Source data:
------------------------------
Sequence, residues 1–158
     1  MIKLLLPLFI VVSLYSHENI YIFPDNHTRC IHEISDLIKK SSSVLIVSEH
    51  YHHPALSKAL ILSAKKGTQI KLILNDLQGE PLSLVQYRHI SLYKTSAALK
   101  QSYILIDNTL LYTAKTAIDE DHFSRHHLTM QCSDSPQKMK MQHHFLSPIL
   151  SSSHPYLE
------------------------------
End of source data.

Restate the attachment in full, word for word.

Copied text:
Sequence, residues 1–158
     1  MIKLLLPLFI VVSLYSHENI YIFPDNHTRC IHEISDLIKK SSSVLIVSEH
    51  YHHPALSKAL ILSAKKGTQI KLILNDLQGE PLSLVQYRHI SLYKTSAALK
   101  QSYILIDNTL LYTAKTAIDE DHFSRHHLTM QCSDSPQKMK MQHHFLSPIL
   151  SSSHPYLE